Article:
Three-dimensional images of the tooth that was scheduled for intentional replantation were displayed using Invivo5 dental software (Anatomage, San Jose, CA, USA). The root canal configuration was analyzed and classified according to Melton’s classification with the modifications proposed by Fan et al.  (Figure 1). The presence of a C-shaped canal system and its configuration was evaluated from the pulp orifice to the apex as axial tomographic slices were viewed at 0.25 mm intervals (Figure 2). The canals were classified as follows: (i)C1 (continuous C-shaped canal): C-shaped outline with no separation(ii)C2 (semicolon-shaped canal): canal configuration in which the dentin separates one distinct canal from another C-shaped buccal or lingual canal(iii)C3 (separated canals): two or more discrete and separate canals(iv)C4: a single round or oval canal
During intentional replantation surgery, photos were taken of the root surface, resected root surface, root-end preparation area, and root-end retrograde filling area.
2.4. Assessment of Possible Causes of Failure in the Previous Endodontic Treatment
After the root-end resection, the resected root surface was stained with methylene blue and examined carefully to determine the state of the previous endodontic treatment using an operating microscope at 26x magnification. The clinical causes of failure were categorized as follows: (1) leaky canal: a gap between the previous root filling and the dentin or obvious leakage after methylene blue staining; (2) anatomical complexity: isthmus between the two canals filled or an apical ramification that had not been treated; (3) missing canal: untreated canal regardless of the presence of an isthmus; (4) underfilling: fillings more than 2 mm short of the apex in preoperative radiographs; (5) overfilling: excess root filling; (6) iatrogenic problem: perforation, transportation, or file separation; (7) calcified canal; and (8) calculus. For SEM preparation, the resected root tips were immersed in a fixative solution containing 4% buffered paraformaldehyde for 24 hours. The root tips were rinsed with distilled water, dehydrated, then mounted on aluminum stubs, sputter coated with a 30 nm layer of gold, and examined under an S-4700 FESEM (Hitachi, Tokyo, Japan). The voltage was set to 15.0 kV, the signal type was secondary electrons, the working distance was 12 mm, and the scan speed was 16 frames per 20 seconds.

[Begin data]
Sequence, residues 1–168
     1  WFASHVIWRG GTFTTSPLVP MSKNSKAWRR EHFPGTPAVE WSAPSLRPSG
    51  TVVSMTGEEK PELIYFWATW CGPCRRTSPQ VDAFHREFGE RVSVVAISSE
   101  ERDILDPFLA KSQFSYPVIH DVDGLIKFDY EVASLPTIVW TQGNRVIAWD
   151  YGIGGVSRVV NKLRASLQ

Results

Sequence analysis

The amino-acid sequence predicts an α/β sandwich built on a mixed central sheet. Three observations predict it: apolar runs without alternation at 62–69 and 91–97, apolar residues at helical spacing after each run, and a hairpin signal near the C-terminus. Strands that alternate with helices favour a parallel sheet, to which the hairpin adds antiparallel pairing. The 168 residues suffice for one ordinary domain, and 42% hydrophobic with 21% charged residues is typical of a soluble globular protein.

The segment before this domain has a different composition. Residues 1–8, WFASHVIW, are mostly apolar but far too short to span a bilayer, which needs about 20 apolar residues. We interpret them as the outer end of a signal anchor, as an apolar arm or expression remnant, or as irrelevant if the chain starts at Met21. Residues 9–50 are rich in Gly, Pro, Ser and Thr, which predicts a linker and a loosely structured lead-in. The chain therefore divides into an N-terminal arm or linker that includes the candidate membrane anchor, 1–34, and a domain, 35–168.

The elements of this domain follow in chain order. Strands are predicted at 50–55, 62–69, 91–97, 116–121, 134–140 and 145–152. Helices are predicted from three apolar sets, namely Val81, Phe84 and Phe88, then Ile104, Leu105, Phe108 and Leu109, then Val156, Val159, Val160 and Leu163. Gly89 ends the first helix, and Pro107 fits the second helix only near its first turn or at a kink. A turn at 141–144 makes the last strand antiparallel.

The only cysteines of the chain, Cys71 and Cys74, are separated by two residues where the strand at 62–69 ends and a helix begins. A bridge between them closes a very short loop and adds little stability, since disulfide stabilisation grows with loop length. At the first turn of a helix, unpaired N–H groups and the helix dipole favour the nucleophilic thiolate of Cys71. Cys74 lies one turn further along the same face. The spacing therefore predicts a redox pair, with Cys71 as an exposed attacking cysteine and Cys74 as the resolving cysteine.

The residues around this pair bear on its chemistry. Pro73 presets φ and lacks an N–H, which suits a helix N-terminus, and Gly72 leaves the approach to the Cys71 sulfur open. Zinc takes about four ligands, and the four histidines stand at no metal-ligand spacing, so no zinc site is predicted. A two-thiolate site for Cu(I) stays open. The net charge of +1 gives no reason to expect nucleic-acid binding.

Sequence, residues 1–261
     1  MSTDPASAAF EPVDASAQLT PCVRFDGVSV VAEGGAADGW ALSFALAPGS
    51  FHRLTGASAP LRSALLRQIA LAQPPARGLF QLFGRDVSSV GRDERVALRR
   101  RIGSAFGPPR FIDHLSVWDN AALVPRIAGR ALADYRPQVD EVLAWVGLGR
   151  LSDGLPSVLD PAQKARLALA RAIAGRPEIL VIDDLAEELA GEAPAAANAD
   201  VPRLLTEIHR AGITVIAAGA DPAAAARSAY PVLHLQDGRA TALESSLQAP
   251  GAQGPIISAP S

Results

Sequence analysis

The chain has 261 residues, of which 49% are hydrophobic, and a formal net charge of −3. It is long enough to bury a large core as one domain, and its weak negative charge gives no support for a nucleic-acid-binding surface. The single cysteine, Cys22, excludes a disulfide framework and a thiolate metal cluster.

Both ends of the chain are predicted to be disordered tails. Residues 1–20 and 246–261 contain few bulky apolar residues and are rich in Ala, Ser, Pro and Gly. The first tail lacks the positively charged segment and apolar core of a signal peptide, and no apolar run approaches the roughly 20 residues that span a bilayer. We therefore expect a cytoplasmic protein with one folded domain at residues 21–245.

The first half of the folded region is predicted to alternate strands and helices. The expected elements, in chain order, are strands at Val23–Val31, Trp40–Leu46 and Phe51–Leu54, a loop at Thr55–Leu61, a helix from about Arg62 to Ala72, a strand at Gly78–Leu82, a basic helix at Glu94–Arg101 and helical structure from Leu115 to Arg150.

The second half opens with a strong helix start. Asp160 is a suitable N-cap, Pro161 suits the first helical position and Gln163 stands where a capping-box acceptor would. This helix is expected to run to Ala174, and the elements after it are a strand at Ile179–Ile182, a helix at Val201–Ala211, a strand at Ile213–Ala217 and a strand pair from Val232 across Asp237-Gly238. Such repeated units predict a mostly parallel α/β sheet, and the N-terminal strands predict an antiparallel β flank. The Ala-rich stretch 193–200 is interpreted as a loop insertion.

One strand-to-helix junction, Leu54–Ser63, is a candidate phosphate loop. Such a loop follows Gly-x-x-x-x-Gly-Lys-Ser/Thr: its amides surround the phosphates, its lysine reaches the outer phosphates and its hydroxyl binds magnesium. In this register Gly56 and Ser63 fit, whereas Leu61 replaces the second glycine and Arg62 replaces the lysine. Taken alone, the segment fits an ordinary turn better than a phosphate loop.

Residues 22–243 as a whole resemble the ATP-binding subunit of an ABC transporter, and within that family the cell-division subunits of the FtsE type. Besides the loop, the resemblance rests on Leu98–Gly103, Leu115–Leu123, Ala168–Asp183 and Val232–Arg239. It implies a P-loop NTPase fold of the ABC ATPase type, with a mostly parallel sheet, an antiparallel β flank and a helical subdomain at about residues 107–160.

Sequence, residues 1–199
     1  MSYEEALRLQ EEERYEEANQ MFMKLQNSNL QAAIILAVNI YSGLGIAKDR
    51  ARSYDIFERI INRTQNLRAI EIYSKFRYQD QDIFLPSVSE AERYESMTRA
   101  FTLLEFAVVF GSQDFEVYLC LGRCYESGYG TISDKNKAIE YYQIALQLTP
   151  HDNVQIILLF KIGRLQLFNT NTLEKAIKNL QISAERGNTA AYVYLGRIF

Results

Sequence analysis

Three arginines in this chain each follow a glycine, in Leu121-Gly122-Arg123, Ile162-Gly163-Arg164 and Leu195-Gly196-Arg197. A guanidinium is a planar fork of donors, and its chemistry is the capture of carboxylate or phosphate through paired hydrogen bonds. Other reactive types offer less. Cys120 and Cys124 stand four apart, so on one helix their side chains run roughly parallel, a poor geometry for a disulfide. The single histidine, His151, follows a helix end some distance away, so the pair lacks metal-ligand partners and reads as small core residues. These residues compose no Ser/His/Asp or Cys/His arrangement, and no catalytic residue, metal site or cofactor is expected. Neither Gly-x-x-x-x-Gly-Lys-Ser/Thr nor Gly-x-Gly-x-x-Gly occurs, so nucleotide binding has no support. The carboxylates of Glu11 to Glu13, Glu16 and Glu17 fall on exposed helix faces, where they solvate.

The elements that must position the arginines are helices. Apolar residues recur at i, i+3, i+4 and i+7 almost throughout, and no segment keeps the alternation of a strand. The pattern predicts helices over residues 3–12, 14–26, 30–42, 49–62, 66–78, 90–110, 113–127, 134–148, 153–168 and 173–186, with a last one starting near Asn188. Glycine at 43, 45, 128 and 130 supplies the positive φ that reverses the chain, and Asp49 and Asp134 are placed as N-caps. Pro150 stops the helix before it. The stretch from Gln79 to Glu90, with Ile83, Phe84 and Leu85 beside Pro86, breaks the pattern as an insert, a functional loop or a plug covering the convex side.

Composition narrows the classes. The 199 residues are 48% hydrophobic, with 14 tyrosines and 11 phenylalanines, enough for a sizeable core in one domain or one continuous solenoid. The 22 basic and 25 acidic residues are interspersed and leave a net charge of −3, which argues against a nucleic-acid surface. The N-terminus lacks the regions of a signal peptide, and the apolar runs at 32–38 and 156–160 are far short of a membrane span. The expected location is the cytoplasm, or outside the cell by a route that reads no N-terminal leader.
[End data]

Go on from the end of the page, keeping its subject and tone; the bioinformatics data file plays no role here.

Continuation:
2.5. Statistical Analysis
All statistical analyses were performed by Fisher’s exact tests using SAS software version 9.2 (SAS Institute Inc., Cary, NC, USA). The level of significance was set at .
The most common cause of endodontic failure of C-shaped root canals was a leaky canal (45.2%), followed by an isthmus (23.8%), missing canal (9.5%), overfilling (7.1%), and iatrogenic problems (7.1%) (Figure 3, ). Figure 4 shows the representative photos of various causes of endodontic failure of C-shaped root canals. SEM images of leaky canal and isthmus of C-shaped root canals are shown in Figure 5.
Mandibular second molars were most frequently involved teeth (90.4%) (Table 1, ). The most frequently observed root canal configuration was C1 at the coronal level (45.2%) and C3 at the apical 3 mm level (45.2%) (Table 2, ).
This study analyzed various characteristics and classification of C-shaped root canals and provided the clinical causes of failed previous endodontic treatment of C-shaped root canals by examining the resected root surface with endodontic microscope and SEM.
In this study, mandibular second molars (90.4%) were the most commonly involved teeth followed by maxillary second molars and maxillary first molar with a low prevalence (7.2% and 2.4%, respectively) (Table 1). These results were similar to the results of previous studies [3–6]. The nonsurgical root canal treatment of the mandibular second molar is difficult because of the high prevalence of C-shaped canals, as well as a changing canal configuration according to the root level.